Have you ever wanted to know a little more of Bermuda’s west end haunts ?
Travel from Dockyard to Hamilton, with tales of the darker side.
The tour is full of short walks and stories.
Take the 5:00 p.m. ferry from Hamilton if you live in the central parishes.
There will be a bus that will be returning at the end of the tour, back to Dockyard.
The bus leaves Dockyard (outside of the Frog & Onion Pub) at 6:00 p.m.
Arrival into Hamilton – 8:30 p.m.
Costumes Welcome. Civilian dress tolerated.
Wear comfortable shoes.
$75 per person
Light snacks and Pumpkin Spiced cocktails served at Gibbs Hill Lighthouse.
Tickets can be purchased by simply emailing or telephoning the Bermuda Arts Centre.
This is a smaller tour – only 24 seats available.
The Bermuda Arts Centre is the only gallery in Bermuda that has four working studios. This allows visitors to converse with local artists and witness forms of art being created.
The show “ The Team Returns “ features new work created by our four Artists.
Nahed Eid – Mixed Media: Nahed takes bits and pieces of discarded every day items and turns them into functional art pieces. Her pieces are embellished with semi precious stones and wire. Whoever thought that a mere cork screw could actually turn into an amazing functional piece of art.
Christopher Marson – Watercolour/Gouache/Oil: Although known as one of Bermuda’s leading watercolourists, Christopher is not afraid to try any and every media. From his calming watercolours to vibrant oils, Christopher takes his viewers through the Island by back roads, to peaceful coves above, rooftops and through the rough seas of a storm.
Christopher Grimes – Oil: Known for his subject of ‘Old Bermuda’, Christopher takes us back in time. From the wreck of the Sea Venture, to the building of Hamilton City, his art work leads through the passage of time. Some of the buildings are still standing, but more often than not, a quiet field has now been transformed into a major road way. Any Bermuda history buff will certainly be enthralled with his forgotten and beautiful scenes.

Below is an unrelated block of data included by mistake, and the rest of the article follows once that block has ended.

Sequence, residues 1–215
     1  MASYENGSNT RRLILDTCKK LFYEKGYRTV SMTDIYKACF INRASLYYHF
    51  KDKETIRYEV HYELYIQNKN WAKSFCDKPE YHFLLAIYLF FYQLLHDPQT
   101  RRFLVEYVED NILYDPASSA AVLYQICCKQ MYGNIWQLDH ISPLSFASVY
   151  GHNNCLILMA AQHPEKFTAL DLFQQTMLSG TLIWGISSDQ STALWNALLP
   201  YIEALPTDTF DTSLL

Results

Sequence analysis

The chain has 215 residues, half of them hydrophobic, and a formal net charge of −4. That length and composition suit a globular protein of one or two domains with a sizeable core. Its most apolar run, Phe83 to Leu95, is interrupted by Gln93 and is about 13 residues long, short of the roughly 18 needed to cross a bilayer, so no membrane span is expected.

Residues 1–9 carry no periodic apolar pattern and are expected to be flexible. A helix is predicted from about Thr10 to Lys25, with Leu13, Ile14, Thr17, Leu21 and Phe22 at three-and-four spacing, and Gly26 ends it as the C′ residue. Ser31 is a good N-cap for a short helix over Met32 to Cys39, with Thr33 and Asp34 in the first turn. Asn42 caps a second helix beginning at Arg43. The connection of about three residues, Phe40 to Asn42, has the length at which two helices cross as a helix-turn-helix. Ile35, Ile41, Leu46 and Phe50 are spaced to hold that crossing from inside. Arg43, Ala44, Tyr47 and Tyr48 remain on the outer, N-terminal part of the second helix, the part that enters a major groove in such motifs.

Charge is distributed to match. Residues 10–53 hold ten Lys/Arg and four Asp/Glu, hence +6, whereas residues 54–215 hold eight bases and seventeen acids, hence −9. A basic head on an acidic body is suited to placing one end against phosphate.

Chesley Trott – Cedar: Chesley Trott is our senior resident artist and has been created sculptures in cedar and bronze since our opening of the Arts Centre in 1984. The work found in the studio of resident artist Chesley Trott captures more than just the visual sense. It is hard to resist running a hand over the surface of one of his skillfully carved sculptures and one cannot miss the distinctive scent of Bermuda cedar released as he works with this aromatic, native wood.
Chesley’s sculptures are visual expressions of his hopes, dreams, experiences and interests.
He tries to formulate out of wood, bronze and concrete his thoughts and ideas concerning plants, shapes, human bodies and animals that have made an impression on him. Often the essence of that though or idea is expressed in an abstract shape or form.
After a career teaching art to children Chesley now devotes his time to creating his own artwork. But, his love of teaching means that he makes time to pass on his knowledge and skill through various classes held in his studio.
The show opens on Sunday evening, October 9 – 5:30 p.m – 7:00 p.m.
The show runs until November 18.
The Gallery is open from 10 a.m. – 5:00 p.m. every day.
Wheel Chair accessible
This Sunday’s Location:
Chaplin Bay: Let’s kick off the season on the beach..This beach has highlands, great curves and easy parking.
An early start will will nice to enjoy the cool. Bring sun hats, water and perhaps an umbrella… we’ll check the weather closer to the morning. ( entrance directly opposite the Bermuda Regiment)
And just in case you’re interested…. Here’s a story behind the name.
According to Norwood’s Notes of 1663, Lieutenant Edward ChaplinSr., Share 24, Warwick, which included Chaplin Bay.
As a young man of 20, the Lieutenant sailed to the colony in 1635 aboard the ship ‘Dorset’ and soon thereafter became prominent in the colony’s militia. He assisted in the task of rearming the Island’s forts in the 1650s, and after marrying, founded a family line which lasted in Bermuda through the 18th and 19th centuries.
At his death in 1692 Chaplin was survived by his wife, Elizabeth and by six children. A daughter or daughter-in-law, Dorothy Chaplin, was fined for failure to keep the Sabbath at an Assize of 1664 and the tax roll on 1727 listed five Chaplin households island wide; three in Warwick, one in Pembroke and one in St. George’s Parish.
By 1789 the family had dwindled to one representative – John Chaplin appeared in the levy for Warwick Parish in that year.
Although five Chaplin children were baptised in the colony between 1791 and 1823 the name has since died out in Bermuda.